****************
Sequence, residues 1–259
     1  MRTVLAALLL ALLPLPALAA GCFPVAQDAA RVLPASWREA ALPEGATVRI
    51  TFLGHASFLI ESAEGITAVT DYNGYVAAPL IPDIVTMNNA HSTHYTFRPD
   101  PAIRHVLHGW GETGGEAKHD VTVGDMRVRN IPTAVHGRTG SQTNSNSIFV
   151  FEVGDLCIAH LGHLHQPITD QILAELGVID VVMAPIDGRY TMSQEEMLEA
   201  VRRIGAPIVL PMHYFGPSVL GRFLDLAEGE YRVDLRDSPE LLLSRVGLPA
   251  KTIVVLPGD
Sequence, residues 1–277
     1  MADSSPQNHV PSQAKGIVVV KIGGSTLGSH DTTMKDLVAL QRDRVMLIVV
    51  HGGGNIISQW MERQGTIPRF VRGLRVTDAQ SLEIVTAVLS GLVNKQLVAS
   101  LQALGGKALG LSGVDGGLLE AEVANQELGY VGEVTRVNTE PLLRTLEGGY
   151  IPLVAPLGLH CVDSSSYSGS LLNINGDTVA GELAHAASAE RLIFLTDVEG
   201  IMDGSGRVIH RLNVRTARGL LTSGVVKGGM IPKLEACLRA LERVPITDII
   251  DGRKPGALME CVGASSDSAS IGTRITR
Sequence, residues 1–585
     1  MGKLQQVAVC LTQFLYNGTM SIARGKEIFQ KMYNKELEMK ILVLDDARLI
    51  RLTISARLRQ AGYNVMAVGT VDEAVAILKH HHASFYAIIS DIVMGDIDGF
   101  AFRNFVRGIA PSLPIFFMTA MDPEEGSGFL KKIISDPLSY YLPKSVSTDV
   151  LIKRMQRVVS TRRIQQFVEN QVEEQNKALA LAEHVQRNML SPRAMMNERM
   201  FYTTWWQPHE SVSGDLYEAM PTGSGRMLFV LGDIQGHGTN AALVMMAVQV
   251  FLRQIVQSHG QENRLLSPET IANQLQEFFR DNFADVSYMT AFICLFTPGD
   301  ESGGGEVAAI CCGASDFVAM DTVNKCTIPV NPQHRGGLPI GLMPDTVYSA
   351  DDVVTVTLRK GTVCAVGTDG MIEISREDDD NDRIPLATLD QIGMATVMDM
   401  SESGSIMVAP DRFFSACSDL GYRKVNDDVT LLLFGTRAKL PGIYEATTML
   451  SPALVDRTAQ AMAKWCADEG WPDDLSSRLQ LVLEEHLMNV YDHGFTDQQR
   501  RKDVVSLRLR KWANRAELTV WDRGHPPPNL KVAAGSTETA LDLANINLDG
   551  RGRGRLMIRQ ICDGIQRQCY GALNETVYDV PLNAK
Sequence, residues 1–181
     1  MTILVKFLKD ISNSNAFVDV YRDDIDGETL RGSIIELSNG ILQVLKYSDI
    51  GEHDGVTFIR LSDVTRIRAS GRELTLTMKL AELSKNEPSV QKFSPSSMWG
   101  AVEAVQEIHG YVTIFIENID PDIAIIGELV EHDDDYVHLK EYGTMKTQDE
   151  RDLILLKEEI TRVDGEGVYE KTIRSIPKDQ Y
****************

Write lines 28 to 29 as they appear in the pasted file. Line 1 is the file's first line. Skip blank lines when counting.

Sequence, residues 1–181
     1  MTILVKFLKD ISNSNAFVDV YRDDIDGETL RGSIIELSNG ILQVLKYSDI